Analysis Paralysis

| July 1, 2019 | 0 Comments

How to stop self-sabotaging your new business

What is analysis paralysis and how you can overcome it

I have suffered from a condition which many of you will share, and one which I used to fear there was no cure for – analysis paralysis, or procrastination.

My wife coined the term ‘analysis paralysis’ because, according to her, I couldn’t seem to start a project or task until I had all the facts and figures laid out in front of me. Until I fully understood what needed doing, I did nothing.

It was a fair criticism. I’ve lost track of the number of things I started with enthusiasm and then abandoned when the next awesome idea came along, and so the cycle started all over again.

Is there a cure?

I know I’m far from alone when it comes to procrastinating, but it can feel debilitating at times and can really impact your mood if you feel you never get anything done.

Over the years I have developed a ‘coping strategy’ which I’d like to share. It may work for you and it may not, but as with so many things in life, it’s really a case of trial and error until you find your own way to combat analysis paralysis.

Getting started

First things first, you need to acknowledge that you’re procrastinating before you can address it as a problem. You can lie to others about being busy, but you can’t lie to yourself and you’ll know when you’re simply putting off taking the leap.

Next up, write down the main goal or outcome you want to see and set out a rough time frame or schedule to work to. After that, write down a list of each component or task which needs doing, because who doesn’t like crossing things off a list? The more you can break the job down into manageable chunks, the easier you’ll find it to keep the momentum going.

The reward centre in your brain gets fired up every item you can strike something off the to-do list, so the more bullet points you have on there the better. A little self-bribery helps too. Promise yourself a reward for completing the task, whether that’s a cup of coffee or that expensive pair of shoes you had your eye on.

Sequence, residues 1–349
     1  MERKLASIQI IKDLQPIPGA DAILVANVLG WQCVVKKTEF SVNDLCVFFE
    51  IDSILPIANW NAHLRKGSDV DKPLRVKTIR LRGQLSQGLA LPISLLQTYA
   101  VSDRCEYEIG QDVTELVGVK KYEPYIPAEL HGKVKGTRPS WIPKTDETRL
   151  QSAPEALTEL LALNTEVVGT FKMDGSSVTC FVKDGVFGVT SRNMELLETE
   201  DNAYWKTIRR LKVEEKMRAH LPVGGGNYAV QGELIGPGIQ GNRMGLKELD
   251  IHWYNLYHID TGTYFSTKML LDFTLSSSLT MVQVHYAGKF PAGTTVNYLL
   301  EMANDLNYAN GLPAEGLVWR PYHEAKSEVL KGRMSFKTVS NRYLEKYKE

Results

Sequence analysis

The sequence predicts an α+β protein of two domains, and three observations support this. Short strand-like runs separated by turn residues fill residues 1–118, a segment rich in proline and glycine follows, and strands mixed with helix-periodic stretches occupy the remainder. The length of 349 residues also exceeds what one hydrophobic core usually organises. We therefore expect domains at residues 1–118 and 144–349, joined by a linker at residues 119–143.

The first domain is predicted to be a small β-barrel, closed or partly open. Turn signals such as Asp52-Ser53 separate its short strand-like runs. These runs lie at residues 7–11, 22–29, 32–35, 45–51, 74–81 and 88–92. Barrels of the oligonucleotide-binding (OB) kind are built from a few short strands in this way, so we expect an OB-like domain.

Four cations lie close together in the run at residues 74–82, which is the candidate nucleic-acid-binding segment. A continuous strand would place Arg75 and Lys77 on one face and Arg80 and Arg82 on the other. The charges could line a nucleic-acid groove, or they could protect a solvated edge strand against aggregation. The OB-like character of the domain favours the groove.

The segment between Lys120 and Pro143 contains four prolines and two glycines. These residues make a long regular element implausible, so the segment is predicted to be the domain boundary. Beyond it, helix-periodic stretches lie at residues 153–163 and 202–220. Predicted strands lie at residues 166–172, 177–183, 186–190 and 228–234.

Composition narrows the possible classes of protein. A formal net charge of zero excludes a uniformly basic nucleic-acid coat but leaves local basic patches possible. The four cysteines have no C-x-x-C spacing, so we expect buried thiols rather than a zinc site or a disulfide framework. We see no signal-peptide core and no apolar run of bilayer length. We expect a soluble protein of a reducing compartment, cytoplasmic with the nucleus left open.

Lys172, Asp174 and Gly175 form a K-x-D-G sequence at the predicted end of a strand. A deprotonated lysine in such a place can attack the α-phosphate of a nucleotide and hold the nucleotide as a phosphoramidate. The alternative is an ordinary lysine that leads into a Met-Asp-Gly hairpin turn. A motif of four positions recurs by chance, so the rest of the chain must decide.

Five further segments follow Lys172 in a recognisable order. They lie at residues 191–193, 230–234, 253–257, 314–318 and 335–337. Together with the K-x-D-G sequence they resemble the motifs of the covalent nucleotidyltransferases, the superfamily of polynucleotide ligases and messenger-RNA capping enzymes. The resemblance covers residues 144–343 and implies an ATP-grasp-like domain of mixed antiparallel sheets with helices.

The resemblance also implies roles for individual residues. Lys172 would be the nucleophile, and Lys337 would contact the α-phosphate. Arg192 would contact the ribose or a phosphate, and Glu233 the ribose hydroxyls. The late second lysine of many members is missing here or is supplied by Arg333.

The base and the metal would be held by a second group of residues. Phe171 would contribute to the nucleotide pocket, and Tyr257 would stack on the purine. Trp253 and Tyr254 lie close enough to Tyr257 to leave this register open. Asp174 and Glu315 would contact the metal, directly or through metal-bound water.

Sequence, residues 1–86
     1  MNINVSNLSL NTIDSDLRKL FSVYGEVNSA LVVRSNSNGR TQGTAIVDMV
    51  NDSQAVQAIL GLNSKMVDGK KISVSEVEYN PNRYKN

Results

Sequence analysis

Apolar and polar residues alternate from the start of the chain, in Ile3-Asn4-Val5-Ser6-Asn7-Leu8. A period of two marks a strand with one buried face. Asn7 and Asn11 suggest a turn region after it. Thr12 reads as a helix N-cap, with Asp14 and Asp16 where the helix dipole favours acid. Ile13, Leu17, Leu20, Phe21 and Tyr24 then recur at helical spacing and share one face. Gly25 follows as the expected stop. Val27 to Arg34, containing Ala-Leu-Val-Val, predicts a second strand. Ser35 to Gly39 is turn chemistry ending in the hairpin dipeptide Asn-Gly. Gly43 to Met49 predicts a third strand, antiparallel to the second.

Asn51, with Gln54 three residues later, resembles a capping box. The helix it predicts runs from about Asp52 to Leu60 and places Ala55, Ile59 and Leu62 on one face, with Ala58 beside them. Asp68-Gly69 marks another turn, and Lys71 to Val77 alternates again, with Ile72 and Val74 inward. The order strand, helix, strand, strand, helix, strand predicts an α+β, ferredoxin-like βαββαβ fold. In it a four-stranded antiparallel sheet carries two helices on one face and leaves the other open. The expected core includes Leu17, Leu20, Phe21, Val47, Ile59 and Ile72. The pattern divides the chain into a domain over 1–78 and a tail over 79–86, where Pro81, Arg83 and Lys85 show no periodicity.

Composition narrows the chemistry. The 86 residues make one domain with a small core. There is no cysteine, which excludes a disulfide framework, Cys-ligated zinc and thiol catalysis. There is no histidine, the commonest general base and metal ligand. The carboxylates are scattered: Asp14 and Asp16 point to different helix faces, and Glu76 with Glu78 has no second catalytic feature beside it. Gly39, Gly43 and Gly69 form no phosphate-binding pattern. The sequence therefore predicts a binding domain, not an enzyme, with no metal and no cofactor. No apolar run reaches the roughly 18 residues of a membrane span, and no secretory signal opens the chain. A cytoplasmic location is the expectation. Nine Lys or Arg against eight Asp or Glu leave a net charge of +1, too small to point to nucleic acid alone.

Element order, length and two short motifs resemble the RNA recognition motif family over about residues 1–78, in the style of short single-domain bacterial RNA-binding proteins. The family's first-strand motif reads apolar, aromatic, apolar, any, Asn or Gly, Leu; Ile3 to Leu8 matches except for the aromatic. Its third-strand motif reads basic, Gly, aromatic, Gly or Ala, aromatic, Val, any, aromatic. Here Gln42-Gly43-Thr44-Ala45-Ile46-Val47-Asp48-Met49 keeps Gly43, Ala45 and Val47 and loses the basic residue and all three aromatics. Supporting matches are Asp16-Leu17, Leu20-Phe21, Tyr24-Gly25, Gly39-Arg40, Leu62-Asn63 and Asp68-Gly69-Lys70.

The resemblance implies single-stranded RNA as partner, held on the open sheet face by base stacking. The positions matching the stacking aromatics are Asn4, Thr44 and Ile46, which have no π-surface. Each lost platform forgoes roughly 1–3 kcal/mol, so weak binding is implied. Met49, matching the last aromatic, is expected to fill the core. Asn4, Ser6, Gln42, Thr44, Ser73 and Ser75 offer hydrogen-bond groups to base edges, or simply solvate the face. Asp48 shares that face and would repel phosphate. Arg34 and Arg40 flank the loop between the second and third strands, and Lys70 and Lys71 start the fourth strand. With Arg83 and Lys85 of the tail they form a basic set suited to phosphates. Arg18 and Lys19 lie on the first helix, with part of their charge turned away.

On your marks, get set, go!

Now get to work! Minimise distractions and tackle the jobs which need doing in a logical order. Finally, get someone to check up on your progress – my wife has developed a sixth sense for when I might start stalling and holds me to account for it. Tough love, but it works.

Now over to you – if you have your own coping mechanism, I’d love to hear about it!

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Category: Starting Your Own Business

About the Author ()

A former vice president of a major US Bank, Greg Beacher graduated from the University of Luton/Bedfordshire in 1998 as a mature student. Since then he has gained over 20 years experience in Software Development encompassing development, project and programme management, test, environment and release management. Greg is an advocate of Continuous Integration, Agile Development, and DevOps. Greg currently operates his own freelance software development business working with companies of all sizes and also is a consultant visiting lecturer at the university that taught him so many years ago. Greg is part of the Industry Advisory Board helping the University maintain the high quality of under-graduate and post-graduate courses they provide.

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